Blast from the Past, Part II

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“There’s too much music everywhere. It’s horrible stuff, the most noise conveying the least information. Kids today are violent because they have no inner life; they have no inner life because they have no thoughts; they have no thoughts because they know no words; they know no words because they never speak; and they never speak because the music’s too loud.” — Quentin Crisp
“Illi mors gravis incubat, qui notus nimis omnibus, ignotus moritur sibi.”*
*Death lies heavily on the man who, too well known to others, dies a stranger to himself.
My life as a writer and thinker never much coincided with my life as a student. It is not that I did not learn many important skills and lessons in the classroom because I did. It is just that rarely did what was most important to me intersect with what we were studying in school. Let me be more specific. My high school English teacher urged me to take the rigorous AP English class when I was in my junior year. A serious athlete with workouts before and after school, I went with an easier class so as to cut down on my homework load. A professor once urged me to enter a paper into an undergraduate writing contest. More interested in seducing the pretty coed sitting across the lecture hall, I let the opportunity pass me by. I never was much for letting school get in the way of my education. Almost all my formal schooling was in history, political science, and international relations – next to none of it in literature. I passed easily my English teacher qualification tests due only to a kind and thoughtful father who read the poetry of W.B. Yeats to the family at the dinner table and would buy me any book I wanted, no questions asked – an arrangement which resulted in many visits to the bookstore over the years.
I did learn grammar and spelling in elementary school, and was pushed greatly in high school by a certain stern old lady who taught English literature and would flunk me if I did not give her my absolute best effort. How I enjoyed the contest of writing her essays! Fifty-five minutes in class under the gun to either produce and pass or choke and fail! But I am a Protestant at heart when it comes to reading, preferring no priestly intermediaries between me and the Word. Such it was in the beginning, so it is today, and thus it will be when I die. As writers, we all need mentors and cheerleaders. But teachers of writing? As someone who has pretended to that title, I have been humbled. The terror of sitting down in front of a blank piece of paper with pen in hand is not something that can essentially be made easier by someone else. Writing is not a group activity, and I strongly suspect it is no more possible to teach someone how to write than it is to teach them how to think. Nobody ever “taught” me how to write, but there is a little of every author I ever enjoyed in my prose.
It should then be less than surprising that my experience in “teaching” writing so far has been less than satisfactory. I have always been a voracious reader, and it still nonpluses me to hear a student tell me they don’t like to read: You announce a period of time in class for free reading, and the students moan as if it were a punishment! Despite hours of teaching topic sentences, paragraph organization, and countless hours of editing drafts of student essays, the writing is not close to what it could be; and I am tired of the science or the religion or the math teacher complaining about the poor writing of students! It is eminently demoralizing! I wonder if the momentum we have built up in the last two and half centuries of progress in the written word is at risk of being destroyed by the deafening, omnipresent roar of television “white noise” and vast influence of a mass media more concerned with sensationalism and titillating images than anything more substantial. Aristotle began his Metaphysics by claiming that “all men by nature desire to know”; television is threatening to replace that noble maxim with “all men desire to be entertained.” We as a nation are becoming conditioned to sit back lazily and be entertained by stimulating visuals, skeptical story-lines, pumping music, and adrenaline-pumping violent action. Style is victorious over substance; appearance is more important than reality: all is skepticism. We turn on our televisions and turn off our minds; we substitute mindless instant gratification for knowledge dug from deep places.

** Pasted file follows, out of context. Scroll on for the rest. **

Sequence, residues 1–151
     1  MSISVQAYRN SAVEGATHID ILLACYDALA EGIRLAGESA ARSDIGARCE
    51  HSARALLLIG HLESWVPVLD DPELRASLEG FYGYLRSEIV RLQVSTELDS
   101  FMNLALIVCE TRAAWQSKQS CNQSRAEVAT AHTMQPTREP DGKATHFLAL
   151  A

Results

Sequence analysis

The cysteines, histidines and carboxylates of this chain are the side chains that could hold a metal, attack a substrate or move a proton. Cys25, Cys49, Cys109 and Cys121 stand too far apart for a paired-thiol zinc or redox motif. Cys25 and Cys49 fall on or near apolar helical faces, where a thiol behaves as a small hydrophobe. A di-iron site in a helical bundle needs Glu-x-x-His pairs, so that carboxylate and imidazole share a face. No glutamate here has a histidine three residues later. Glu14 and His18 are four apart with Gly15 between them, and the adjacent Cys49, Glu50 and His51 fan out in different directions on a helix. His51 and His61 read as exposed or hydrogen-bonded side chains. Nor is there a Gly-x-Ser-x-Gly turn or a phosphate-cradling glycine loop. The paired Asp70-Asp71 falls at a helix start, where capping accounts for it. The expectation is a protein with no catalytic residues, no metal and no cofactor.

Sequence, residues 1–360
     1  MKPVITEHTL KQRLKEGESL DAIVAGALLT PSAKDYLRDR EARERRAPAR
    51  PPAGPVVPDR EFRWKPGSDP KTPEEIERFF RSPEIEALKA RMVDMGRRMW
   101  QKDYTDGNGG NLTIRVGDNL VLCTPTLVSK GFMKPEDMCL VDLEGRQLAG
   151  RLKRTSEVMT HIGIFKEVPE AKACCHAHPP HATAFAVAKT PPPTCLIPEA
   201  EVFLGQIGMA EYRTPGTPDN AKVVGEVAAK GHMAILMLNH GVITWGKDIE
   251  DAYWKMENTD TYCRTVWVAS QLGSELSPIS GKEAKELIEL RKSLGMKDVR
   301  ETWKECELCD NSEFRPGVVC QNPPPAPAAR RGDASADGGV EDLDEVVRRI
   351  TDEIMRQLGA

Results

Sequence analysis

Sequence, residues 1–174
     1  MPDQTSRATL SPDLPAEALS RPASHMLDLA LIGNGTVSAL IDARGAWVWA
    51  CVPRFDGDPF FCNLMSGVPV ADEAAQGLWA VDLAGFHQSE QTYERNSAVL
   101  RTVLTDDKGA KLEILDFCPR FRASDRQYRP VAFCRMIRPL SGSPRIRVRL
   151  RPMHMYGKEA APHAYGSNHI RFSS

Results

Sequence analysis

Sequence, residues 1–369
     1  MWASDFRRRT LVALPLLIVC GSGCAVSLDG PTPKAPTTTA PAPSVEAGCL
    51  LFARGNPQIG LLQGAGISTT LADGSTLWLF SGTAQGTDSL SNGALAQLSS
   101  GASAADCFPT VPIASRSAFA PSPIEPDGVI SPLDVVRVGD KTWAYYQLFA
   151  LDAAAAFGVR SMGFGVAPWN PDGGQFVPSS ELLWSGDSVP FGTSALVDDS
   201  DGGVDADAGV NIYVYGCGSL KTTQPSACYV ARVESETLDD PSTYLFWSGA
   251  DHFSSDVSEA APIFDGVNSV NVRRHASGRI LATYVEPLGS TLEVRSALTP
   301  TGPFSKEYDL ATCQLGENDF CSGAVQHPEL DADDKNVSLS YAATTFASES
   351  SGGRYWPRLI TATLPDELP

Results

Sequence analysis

School? Books? The written word? Wisdom? Truth? When I ask my students at the beginning of the semester if they like to read and write invariably they answer me in the negative, adding that they only do so when forced by teachers and parents. “It’s boring, it’s not exciting enough, it takes too long!” they explain themselves indignantly. Products of a culture which increasingly prizes entertainment above all, they have come to see comfort and comedy as the sine qua non of the “good life.” And having been conditioned to watch passively rather than to read and think actively, can we really blame these young people for their lack of interest in school? (How many of their parents, after all, live their lives reflectively through the written word?) The discomfort and unease (not to mention the blood, sweat, and the tears! — what an education costs the heart!) which true learning brings with it unfailingly are inconvenient, unnatural, and to be avoided. I wonder if reading long, complex narrative is to be replaced by electronic technologies and new aural-oral mediums. Will writing dense and structured prose vibrant with feeling and layered with thought be supplanted by home movies, video journals, and multimedia software? The latter, after all, is easier and faster than the former! And everyone is too “busy” to sit with their feelings at length! I wonder if we English teachers today in America are not the most forsaken of God’s creatures, and the path of least resistance to me would seem to move full-time to teaching history — supposedly the least favorite of academic subjects to our students. What should I do? Not only are students often nearly illiterate, but even many of my fellow “teachers” find it difficult to pass basic instructor qualification tests. I could do some other job.